State public health authorities notified CDC's Division of Global Migration and Quarantine (DGMQ) because both children were contagious* during travel. DGMQ, working with U.S. Customs and Border Protection, obtained passenger and crew manifests and contact information from the airlines to investigate potential exposure of persons on flights with the ill children. A total of 83 crew members and passengers (those seated in the same row, two rows in front of, and two rows behind the ill children; infants in arms seated anywhere on either plane; and crew members who served passengers in the same cabin as either ill child) were identified as potentially exposed to measles. Contact information was available for 74 passengers and crew members from 20 states. Of the 29 passengers for whom follow-up data were available, two were found to be susceptible to measles, and one received postexposure immunoglobulin. No secondary measles cases associated with these flights were reported to CDC.

Local health officials conducted contact investigations with family members of the two ill adopted children, health-care personnel and other persons in health facilities where the children were treated, and two other U.S. families of recently adopted children who were in contact with the ill children in China. Contacts were interviewed about their travel history, presence of fever and rash, and measles immunity, either through documented vaccination or serologic tests. Contacts with no evidence of measles immunity were recommended to receive either postexposure vaccination with measles, mumps, and rubella (MMR) vaccine within 3 days of initial measles exposure or immunoglobulin administration within 6 days of initial measles exposure. Of 132 persons contacted, six were found to be susceptible to measles; three received postexposure immunoglobulin.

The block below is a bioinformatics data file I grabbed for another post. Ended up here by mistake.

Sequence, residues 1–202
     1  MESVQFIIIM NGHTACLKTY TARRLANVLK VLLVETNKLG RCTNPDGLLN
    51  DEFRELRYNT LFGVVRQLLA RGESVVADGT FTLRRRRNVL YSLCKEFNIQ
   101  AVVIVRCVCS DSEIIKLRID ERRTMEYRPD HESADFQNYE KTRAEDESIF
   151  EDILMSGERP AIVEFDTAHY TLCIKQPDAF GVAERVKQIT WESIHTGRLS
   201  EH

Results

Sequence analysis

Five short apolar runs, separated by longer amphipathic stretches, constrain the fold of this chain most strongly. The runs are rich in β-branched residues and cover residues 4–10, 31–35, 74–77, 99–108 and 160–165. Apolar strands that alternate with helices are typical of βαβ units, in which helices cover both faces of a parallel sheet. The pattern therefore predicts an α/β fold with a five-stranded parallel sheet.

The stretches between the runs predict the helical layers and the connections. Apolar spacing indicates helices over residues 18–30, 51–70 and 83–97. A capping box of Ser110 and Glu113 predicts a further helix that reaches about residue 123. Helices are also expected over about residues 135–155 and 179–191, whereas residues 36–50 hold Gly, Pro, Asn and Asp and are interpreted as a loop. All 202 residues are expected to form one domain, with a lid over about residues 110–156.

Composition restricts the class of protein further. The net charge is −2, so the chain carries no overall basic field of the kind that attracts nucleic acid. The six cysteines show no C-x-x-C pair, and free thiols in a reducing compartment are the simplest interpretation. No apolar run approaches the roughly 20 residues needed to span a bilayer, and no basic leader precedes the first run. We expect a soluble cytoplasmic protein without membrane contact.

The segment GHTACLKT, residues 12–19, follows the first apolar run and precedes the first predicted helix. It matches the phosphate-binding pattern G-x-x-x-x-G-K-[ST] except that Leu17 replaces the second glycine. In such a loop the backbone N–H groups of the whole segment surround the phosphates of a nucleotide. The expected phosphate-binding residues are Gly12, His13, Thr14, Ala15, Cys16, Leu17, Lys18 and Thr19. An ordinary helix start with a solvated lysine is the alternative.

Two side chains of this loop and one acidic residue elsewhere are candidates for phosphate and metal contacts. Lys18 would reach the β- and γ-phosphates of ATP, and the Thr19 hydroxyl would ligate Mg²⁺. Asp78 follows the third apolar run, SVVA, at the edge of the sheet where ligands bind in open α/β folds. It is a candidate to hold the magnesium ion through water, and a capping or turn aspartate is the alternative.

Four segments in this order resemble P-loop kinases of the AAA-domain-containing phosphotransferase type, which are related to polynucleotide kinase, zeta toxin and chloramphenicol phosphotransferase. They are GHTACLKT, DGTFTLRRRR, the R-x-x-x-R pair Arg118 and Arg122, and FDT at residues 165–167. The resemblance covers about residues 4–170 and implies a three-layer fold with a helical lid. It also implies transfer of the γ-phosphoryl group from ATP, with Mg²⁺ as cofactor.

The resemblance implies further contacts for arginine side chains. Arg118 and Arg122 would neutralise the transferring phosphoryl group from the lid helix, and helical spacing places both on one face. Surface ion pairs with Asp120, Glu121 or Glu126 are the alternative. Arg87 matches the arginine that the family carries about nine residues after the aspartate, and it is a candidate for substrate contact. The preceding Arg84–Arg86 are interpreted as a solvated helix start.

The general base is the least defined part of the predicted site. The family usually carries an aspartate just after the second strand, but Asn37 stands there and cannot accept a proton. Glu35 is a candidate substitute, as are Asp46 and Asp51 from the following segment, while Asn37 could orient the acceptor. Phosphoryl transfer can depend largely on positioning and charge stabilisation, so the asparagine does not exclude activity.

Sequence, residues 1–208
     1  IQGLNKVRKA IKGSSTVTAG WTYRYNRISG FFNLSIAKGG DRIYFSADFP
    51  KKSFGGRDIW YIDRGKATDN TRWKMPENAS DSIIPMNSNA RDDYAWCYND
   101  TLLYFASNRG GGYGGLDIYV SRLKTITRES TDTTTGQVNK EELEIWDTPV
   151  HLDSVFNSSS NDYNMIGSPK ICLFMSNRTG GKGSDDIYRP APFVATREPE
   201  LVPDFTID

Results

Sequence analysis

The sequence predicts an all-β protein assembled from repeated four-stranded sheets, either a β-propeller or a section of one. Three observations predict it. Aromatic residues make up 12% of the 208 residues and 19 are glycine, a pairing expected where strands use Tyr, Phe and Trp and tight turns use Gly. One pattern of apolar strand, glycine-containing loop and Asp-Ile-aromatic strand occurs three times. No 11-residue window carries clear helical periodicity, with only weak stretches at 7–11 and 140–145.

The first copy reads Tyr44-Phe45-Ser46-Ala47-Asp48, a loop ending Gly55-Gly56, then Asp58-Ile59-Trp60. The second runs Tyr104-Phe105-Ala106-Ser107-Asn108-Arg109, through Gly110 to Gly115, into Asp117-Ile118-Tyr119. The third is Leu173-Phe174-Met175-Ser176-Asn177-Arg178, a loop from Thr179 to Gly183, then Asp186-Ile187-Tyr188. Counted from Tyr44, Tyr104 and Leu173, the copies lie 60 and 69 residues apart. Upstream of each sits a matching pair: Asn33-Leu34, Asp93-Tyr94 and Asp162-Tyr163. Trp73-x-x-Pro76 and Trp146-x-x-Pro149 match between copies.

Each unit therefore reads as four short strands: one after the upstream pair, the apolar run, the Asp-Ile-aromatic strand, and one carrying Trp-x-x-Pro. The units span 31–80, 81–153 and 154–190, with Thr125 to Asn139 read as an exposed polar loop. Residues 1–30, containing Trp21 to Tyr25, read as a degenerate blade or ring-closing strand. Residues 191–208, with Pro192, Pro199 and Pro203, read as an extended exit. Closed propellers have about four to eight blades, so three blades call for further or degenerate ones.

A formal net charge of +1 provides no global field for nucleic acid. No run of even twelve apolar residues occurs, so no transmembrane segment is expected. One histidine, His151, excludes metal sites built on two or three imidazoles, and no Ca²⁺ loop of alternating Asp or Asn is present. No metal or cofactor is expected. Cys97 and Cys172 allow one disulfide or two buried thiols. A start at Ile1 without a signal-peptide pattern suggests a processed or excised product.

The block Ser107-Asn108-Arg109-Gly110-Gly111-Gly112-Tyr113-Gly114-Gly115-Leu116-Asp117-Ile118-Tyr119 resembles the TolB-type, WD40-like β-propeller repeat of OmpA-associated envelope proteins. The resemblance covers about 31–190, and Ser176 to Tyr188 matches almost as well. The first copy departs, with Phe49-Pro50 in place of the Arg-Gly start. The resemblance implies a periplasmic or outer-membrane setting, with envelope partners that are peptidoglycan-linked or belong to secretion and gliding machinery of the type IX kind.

Two additional cases of measles were identified. Child C, aged 2 years in Minnesota, was adopted from China at the same time as child A and child B. Although child C was adopted from a different orphanage and traveled on different flights, he was exposed to the two infected children during the emigration process in China. Child C was asymptomatic and not contagious during travel. He arrived in the United States on July 4, developed a fever on July 10, rash on July 14, and tested IgM-positive for measles on July 16. This child also had cerebral palsy and no documentation of measles vaccination. The child's family members were fully immunized, and no secondary cases were reported.

A fourth case was identified in the adoptive mother, aged 39 years, of child B. Although she reported a history of vaccination against measles, she developed signs and symptoms compatible with modified measles. On July 14 (2 weeks after symptom onset in child B), she developed a rash on her face and neck that lasted 4 days, but she had no fever, respiratory, or ocular symptoms. PCR and IgM tests performed on July 19 were positive for measles. An investigation of 19 contacts in this family revealed no additional cases.

Discussion

Although endemic measles was declared eliminated from the United States in 2000, sporadic outbreaks still occur as a result of importations from areas where measles is endemic (1). Recent reported outbreaks have been associated with international adoptions, including two outbreaks among adoptees from China in 2004 and 2006 (2,3). This report documents a cluster of imported measles cases among adoptees from China in July 2013.